Chronic Pain in Patients With Inflammatory Bowel Disease

Nikul Bakshi; Ailsa L. Hart; Michael C. Lee; Amanda C de C. Williams; Jeffrey M. Lackner; Christine Norton; Peter Croft


Pain. 2021;162(10):2466-2471. 

In This Article

Abstract and Introduction


"My pain is exhausting, and it's rarely just pain. If not accompanied by diarrhoea, fatigue, or other debilitating symptoms, it's joined by a spiral of anxious thoughts about what the pain means……. I was constantly at doctors' and hospital appointments, but I was rarely asked about my pain. Even now, unless I'm in flare up, no one asks me about my pain or fatigue…. truthfully, those doctors and nurses don't have time to ask me about symptoms if I'm not flaring up…….IBD clinics even when interested aren't funded to manage those symptoms…and healthcare professionals dismissed my symptoms as they don't know what to say, as they don't understand pain in IBD, and they feel as powerless as I do……given that pain is one of the top presenting complaints in IBD, I find it astonishing how little I get asked about it".

(Lucy Y, first diagnosed with Crohn's disease 23 years ago. Reproduced with permission).


Crohn's disease and ulcerative colitis ("inflammatory bowel disease" [IBD]) are chronic relapsing intermittently acute conditions, characterised by pathological changes in gut tissue, symptoms of diarrhoea, blood loss, and abdominal pain, long-term complications (fistulae, abscesses, and strictures), extra-abdominal manifestations such as arthritis, and systemic illness. Symptoms dominate IBD disease activity indices,[39,42] but the primary target for treatment is inflammation of the gut mucosa. This treatment has significantly improved over the past decade, notably through the use of immunomodulator and biologic drugs. However, the pattern, severity, impact, and prognosis of symptoms still vary substantially from patient-to-patient.

Clinicians caring for people with IBD focus on controlling the active bowel disease. Objective measures of disease activity, using endoscopy and imaging or surrogates such as faecal calprotectin, provide targets for disease-modifying drugs in trials and the clinic. However, there is a discrepancy between measures of gut inflammation and the extent and severity of patients' symptoms,[30] and neither are straightforwardly related to measures of the overall impact on patients' lives.[30] Early mucosal healing defined by endoscopy is associated with long-term improvements in symptom severity, but one-third of patients with healed mucosa do not achieve clinical remission.[76,77]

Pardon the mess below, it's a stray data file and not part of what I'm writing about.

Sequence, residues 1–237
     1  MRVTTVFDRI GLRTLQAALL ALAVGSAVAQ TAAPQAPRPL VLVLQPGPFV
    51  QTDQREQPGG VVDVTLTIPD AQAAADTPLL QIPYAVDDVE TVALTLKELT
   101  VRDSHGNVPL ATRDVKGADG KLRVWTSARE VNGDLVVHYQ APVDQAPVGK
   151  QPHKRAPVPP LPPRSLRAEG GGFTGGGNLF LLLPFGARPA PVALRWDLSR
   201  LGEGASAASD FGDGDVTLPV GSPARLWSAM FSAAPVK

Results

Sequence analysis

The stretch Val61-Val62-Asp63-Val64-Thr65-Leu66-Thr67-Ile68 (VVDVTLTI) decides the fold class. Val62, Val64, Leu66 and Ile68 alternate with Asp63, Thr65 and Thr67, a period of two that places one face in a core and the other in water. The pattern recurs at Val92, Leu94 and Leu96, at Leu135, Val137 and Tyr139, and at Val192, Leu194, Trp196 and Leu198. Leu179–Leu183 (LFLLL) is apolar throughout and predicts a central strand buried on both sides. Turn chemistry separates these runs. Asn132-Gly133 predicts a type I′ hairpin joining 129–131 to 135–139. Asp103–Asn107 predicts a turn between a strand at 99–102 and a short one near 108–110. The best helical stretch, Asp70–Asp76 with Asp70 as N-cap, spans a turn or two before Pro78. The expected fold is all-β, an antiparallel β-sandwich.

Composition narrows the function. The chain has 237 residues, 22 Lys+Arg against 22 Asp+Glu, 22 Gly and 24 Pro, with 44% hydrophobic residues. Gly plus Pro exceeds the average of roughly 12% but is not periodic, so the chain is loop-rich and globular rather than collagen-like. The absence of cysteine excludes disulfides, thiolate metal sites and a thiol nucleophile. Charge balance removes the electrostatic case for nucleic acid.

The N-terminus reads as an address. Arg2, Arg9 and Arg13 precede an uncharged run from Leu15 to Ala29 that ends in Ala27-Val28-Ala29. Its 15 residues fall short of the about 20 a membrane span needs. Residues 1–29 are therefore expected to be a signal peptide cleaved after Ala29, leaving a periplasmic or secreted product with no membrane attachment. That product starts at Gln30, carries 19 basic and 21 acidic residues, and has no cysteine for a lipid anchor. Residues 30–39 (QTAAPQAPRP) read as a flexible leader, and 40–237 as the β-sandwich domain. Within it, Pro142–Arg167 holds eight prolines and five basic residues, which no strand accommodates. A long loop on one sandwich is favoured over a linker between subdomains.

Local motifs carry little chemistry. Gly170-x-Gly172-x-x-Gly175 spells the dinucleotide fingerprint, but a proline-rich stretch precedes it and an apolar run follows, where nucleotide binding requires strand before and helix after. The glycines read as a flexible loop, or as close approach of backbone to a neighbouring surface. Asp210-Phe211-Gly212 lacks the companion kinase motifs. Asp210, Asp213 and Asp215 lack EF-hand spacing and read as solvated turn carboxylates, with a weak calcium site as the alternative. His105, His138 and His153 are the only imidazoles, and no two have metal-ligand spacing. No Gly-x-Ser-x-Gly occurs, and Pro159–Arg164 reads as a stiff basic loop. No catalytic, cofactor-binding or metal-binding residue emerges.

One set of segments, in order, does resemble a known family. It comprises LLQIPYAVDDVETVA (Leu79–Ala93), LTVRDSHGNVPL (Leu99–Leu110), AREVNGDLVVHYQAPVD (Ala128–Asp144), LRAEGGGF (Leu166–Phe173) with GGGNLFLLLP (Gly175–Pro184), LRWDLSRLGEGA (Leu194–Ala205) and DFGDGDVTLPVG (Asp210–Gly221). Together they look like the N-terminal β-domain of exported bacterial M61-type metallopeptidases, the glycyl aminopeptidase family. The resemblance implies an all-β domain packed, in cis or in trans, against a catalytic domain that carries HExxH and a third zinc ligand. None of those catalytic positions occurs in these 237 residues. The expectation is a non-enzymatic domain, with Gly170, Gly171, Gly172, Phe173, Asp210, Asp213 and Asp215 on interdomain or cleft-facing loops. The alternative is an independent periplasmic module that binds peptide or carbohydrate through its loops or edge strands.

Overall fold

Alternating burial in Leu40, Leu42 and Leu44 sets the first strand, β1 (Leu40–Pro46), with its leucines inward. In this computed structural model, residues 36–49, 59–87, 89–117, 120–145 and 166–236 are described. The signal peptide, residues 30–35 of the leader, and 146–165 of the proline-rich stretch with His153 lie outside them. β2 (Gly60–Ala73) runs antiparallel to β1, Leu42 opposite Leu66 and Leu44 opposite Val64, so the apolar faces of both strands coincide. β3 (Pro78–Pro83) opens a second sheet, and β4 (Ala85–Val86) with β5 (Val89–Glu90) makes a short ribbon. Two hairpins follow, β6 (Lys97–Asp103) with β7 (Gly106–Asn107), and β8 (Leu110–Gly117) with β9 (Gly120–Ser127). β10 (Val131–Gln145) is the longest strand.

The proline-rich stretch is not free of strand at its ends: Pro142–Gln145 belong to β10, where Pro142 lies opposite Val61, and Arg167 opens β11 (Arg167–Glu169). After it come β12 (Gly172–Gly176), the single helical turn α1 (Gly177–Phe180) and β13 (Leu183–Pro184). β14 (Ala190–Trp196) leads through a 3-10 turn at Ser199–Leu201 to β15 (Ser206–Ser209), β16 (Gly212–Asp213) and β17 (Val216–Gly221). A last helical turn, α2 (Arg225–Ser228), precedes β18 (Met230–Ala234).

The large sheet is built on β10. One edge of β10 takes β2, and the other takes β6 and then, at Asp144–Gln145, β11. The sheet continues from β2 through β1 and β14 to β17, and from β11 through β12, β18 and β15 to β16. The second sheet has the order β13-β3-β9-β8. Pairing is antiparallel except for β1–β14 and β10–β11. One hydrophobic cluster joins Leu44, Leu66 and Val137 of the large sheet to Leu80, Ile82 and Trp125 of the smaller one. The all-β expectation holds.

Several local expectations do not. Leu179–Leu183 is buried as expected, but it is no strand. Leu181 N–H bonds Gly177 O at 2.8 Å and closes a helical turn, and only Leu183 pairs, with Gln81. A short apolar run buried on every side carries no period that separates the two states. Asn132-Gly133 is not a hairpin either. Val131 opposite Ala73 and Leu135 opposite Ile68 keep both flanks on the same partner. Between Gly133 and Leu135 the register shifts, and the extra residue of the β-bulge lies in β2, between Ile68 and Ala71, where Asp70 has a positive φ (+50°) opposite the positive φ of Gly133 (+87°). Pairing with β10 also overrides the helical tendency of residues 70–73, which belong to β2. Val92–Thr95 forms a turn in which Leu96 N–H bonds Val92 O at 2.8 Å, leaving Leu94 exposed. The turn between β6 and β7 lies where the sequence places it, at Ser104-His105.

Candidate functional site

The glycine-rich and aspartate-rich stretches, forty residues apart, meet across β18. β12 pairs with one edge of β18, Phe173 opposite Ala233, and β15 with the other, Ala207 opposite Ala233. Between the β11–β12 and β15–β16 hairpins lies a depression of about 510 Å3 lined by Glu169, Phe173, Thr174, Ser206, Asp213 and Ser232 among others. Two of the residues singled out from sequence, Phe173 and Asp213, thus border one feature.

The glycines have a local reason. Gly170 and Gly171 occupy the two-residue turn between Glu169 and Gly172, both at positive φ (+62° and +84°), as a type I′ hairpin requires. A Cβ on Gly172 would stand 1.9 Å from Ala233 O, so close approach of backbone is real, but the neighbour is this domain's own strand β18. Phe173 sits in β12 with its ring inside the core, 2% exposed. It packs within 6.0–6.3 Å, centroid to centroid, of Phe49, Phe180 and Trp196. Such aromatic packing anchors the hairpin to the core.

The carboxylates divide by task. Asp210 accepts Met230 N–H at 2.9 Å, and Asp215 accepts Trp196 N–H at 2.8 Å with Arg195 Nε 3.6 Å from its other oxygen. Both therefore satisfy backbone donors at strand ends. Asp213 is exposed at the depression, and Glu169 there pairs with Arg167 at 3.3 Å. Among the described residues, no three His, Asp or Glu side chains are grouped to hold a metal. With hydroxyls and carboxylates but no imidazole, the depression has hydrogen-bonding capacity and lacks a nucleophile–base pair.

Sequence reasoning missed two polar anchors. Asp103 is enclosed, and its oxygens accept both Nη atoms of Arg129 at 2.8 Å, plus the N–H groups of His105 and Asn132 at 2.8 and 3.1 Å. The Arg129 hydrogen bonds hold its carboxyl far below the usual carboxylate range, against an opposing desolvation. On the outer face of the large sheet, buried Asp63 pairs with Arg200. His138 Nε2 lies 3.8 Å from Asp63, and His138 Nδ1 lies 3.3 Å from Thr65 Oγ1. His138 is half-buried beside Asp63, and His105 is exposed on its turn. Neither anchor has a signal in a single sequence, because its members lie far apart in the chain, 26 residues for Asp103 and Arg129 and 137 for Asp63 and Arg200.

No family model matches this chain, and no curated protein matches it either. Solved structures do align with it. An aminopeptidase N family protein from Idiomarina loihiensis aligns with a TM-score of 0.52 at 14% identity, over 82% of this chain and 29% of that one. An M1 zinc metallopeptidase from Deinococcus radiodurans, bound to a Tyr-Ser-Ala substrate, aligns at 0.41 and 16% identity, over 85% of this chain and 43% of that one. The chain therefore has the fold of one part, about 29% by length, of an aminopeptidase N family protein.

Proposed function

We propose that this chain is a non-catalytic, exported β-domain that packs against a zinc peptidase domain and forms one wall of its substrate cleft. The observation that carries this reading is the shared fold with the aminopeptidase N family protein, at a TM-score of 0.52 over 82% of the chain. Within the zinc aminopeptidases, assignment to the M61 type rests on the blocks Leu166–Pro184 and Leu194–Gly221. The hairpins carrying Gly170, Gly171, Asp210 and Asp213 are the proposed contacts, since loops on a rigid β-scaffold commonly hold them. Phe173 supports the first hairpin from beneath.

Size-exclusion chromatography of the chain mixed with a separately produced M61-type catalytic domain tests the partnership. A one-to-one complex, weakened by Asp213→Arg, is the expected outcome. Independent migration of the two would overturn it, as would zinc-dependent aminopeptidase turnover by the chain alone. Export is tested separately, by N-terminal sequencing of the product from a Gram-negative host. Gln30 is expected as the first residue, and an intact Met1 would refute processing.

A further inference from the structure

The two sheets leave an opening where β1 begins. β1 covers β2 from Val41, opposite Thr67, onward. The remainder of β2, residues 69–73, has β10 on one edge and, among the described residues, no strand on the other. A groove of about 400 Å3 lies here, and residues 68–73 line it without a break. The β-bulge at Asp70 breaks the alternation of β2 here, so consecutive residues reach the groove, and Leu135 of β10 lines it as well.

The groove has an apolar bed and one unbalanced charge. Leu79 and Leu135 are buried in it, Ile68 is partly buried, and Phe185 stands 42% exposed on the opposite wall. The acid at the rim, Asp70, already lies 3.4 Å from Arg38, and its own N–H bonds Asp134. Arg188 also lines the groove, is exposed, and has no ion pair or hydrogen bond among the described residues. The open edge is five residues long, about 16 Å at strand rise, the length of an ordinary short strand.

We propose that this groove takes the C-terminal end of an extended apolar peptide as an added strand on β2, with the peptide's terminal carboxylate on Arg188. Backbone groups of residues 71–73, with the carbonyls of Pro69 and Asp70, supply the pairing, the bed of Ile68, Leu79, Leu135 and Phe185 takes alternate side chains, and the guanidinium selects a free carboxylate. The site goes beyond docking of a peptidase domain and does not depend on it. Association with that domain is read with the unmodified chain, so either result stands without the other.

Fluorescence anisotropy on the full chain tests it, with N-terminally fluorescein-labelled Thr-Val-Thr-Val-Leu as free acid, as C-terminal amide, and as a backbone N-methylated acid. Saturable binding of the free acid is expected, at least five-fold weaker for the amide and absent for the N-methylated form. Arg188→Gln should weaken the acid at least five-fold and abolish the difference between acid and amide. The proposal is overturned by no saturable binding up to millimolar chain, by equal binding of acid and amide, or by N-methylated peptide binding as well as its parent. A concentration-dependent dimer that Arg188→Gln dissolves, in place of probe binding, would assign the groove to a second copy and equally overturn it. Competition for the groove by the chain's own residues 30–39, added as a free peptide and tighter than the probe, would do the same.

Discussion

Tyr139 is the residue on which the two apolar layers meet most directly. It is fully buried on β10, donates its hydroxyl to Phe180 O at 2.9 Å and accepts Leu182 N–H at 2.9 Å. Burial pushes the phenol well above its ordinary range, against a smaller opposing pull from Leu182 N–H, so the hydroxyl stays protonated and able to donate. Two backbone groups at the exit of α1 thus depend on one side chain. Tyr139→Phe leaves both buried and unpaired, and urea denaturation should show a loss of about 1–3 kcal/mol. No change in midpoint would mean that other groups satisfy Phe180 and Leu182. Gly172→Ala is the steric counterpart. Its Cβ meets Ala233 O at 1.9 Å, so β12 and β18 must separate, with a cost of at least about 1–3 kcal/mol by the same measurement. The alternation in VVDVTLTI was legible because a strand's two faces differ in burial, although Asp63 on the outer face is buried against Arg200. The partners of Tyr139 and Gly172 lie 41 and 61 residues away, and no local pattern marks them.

In particular, abdominal pain that persists beyond flares, despite optimal treatment of the gut disease, presents a common, disabling, and unresolved problem,[64,101] affecting patients' quality of life (QoL) and psychological well-being[58,75] and posing challenges for management.[66,87] For clinicians, this means disease-targeted treatment alone may not resolve the patient's pain and pain-related distress. The result is that chronic abdominal pain may dominate patients' lives—underrecognised in both specialist and primary care settings, poorly assessed, and inadequately treated.

In this Topical Review, we consider evidence about chronic abdominal pain in people with IBD. Our aim was to identify the extent to which general principles of modern chronic pain management[92] should have equal place in the IBD clinic and consultation alongside the clinician's concern for diagnosing and treating underlying gut pathology, to ensure that pain in all patients with IBD is properly recognised, formally assessed, and treated safely and effectively.